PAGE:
Blue Point seeks to continue his love affair with Ascot and complete a famous double in Saturday’s Diamond Jubilee Stakes.
In successfully defending his crown in Tuesday’s King’s Stand Stakes, the five-year-old was claiming his fourth win in five appearances at the Berkshire circuit — his only defeat coming in the 2017 Commonwealth Cup when a close-up third behind Caravaggio and Harry Angel.
A step back up from five to six furlongs is not seen as a major hindrance to a horse who has won seven times over the longer trip — including twice over the Diamond Jubilee course and distance.
The obvious question is whether Blue Point can run up to his very best just four days after his latest triumph.
However, Charlie Appleby could not be happier with how his charge has taken those exertions ahead of his bid to follow in the hoofprints of the Australian speedball Choisir — the last horse to complete the King’s Stand-Diamond Jubilee double in 2003.
“It’s a very sporting decision by His Highness (Sheikh Mohammed) and we all think it is the right thing to do,” said the Newmarket handler.
“He always seems to bring his A-game to Ascot and he broke the track record over six furlongs there a couple of years ago.
“This is his last season in training and he’s only got two more opportunities to run at Ascot — in the Diamond Jubilee on Saturday and on Champions Day in October, by which time the ground might have gone for him.
“Looking at the forecast, it looks like the ground will be good again by Saturday and we think he deserves to take his chance.”
The ante-post favourite for the last month has been the James Tate-trained Invincible Army, who could hardly have been more impressive in winning the Cammidge Trophy at Doncaster and the Duke of York Stakes this spring.
Tate did not anticipate having to take on Blue Point at the start of the week, but is thrilled with the condition of his own stable star.
He said: “I’m just concentrating on my own horse and he seems in very good form. I wasn’t happy to see the rain falling for my horse in the Royal Hunt Cup (New Graduate) on Wednesday, but I was pleased for Invincible Army.
“It looks like the ground will be on the slow side of good come Saturday, which will be perfect, and his preparation has gone perfectly.
“I’m very happy with my horse and now it’s time for him to take on the best and see if he can beat them.”
Last year’s second and third in Stephane Wattel’s City Light and Wesley Ward’s Bound For Nowhere are back for more, while the 2017 winner — James Fanshawe’s The Tin Man — is out to regain his crown in one of the key races in the sprint division of the Qipco British Champions Series.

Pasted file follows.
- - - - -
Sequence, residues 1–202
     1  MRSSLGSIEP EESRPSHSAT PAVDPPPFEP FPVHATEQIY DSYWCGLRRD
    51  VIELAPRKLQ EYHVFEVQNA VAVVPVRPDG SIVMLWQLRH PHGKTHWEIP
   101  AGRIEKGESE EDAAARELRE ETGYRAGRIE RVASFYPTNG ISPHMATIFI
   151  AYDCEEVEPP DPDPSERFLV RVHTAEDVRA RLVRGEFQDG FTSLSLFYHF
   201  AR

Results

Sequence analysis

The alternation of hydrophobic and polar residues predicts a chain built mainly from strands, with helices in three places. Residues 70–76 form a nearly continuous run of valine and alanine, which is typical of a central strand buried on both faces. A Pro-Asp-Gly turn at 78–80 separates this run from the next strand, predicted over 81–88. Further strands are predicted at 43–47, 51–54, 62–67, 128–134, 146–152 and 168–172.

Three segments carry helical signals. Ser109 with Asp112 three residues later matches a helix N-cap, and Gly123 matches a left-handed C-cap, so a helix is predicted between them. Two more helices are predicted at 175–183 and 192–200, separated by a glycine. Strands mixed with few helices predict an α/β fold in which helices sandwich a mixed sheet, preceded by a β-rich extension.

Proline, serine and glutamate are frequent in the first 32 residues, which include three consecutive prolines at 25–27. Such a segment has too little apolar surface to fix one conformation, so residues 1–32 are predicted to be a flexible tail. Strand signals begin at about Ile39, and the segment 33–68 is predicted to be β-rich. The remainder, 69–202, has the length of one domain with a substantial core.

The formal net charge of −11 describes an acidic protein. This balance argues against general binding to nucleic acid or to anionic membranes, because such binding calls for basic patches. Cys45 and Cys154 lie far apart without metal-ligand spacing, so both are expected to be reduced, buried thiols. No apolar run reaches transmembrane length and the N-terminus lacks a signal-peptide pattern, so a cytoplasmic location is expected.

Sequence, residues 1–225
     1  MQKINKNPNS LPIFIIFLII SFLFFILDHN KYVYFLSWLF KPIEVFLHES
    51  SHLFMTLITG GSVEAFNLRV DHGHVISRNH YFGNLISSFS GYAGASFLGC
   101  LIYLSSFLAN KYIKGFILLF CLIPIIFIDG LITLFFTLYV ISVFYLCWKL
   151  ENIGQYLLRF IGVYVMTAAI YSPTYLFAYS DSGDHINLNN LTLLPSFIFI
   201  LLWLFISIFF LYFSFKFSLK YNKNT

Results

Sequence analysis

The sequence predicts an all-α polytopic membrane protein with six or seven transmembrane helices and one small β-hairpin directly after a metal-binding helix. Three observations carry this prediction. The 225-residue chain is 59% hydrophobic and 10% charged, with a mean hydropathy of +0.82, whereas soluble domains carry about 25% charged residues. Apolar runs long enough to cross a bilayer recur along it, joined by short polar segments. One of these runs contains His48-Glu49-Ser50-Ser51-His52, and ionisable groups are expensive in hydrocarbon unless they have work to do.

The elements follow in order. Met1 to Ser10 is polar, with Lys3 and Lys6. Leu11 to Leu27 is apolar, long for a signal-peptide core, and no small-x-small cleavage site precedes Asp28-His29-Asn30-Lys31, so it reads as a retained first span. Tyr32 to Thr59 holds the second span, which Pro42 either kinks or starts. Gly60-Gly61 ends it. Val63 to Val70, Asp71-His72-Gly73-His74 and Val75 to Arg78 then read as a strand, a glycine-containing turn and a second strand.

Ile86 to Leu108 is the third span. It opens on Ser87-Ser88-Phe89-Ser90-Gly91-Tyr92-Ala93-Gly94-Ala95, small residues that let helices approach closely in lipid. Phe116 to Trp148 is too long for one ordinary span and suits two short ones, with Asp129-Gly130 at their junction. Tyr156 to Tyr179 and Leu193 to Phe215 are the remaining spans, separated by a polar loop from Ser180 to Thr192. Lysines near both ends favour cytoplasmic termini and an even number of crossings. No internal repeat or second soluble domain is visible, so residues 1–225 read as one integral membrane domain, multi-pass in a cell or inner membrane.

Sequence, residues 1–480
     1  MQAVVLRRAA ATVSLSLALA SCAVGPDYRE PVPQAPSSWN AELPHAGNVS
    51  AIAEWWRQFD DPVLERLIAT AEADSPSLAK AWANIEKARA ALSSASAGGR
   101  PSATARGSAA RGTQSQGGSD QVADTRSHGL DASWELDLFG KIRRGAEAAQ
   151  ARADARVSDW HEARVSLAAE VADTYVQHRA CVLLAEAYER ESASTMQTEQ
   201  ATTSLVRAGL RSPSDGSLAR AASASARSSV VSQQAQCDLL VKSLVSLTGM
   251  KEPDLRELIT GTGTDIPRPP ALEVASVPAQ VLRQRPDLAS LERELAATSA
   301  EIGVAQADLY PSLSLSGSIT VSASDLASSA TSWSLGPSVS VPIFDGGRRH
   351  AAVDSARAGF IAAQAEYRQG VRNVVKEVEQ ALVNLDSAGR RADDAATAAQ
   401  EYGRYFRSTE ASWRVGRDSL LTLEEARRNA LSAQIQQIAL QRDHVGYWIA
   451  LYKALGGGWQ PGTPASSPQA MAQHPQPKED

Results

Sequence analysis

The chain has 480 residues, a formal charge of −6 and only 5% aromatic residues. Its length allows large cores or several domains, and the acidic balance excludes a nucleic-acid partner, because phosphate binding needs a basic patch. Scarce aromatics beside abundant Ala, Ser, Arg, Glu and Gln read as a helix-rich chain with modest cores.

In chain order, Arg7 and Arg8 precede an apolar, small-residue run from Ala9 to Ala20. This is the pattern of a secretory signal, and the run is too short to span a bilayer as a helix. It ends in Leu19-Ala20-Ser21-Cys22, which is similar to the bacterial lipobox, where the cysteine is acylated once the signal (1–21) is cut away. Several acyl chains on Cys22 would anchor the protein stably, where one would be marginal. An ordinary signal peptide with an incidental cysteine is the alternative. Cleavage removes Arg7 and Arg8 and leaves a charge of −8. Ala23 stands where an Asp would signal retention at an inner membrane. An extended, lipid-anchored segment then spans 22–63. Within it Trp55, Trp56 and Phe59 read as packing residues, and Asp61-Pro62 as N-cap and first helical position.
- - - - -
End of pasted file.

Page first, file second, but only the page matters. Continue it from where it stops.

The latter will need to improve significantly from his comeback third at Windsor last month, but his trainer is confident he can, ahead of the latest race in the Qipco British Champions Series.
Fanshawe said: “He had a 7lb penalty (at Windsor) and it was a messy race, plus a couple of weeks before he had a bit of muck on his chest. He’s always been prone to that — it’s something we always have to keep an eye on with him.
“The most important thing is that he’s had a run. He’s never been one to show you a great deal at home, but he looks really well in himself and he’s in good form. You never quite know with him until you run, but I’ve been very happy with his preparation.”
The winner of that Listed event at Windsor was the Sir Michael Stoute-trained Dream Of Dreams, who is in opposition again.
“Dream Of Dreams is a solid Group-race performer,” said Stoute.
“He didn’t pick one up last year when he got beat in a few photos. I have been very pleased with his two runs this year.”
Richard Fahey’s Sands Of Mali rounded off his 2018 campaign with victory in the British Champions Sprint at this venue, but has not yet rediscovered his best form this year — finishing sixth behind Blue Point in Dubai and third when a hot favourite at Hamilton.
Fahey said: “Don’t get me wrong, I was disappointed he got beaten at Hamilton, but on reflection he was taking on two very fit horses (Brando and Donjuan Triumphant) and they went a very good gallop and it just found him out.
“I’ve been very happy with him since and he’ll be wearing a tongue-strap for the first time.”
Like Blue Point, Le Brivido turns out for the second time this week after finishing fifth in Tuesday’s Queen Anne Stakes.
Trainer Aidan O’Brien said: “We had it in the back of the mind that he might not stay a mile, so that is why he was put in this race.
“If everything is well with the horse, we will let him take his chance. I thought he ran well in the Queen Anne, just the trip was a little too far.
"I think races over six and seven furlongs could be his trip."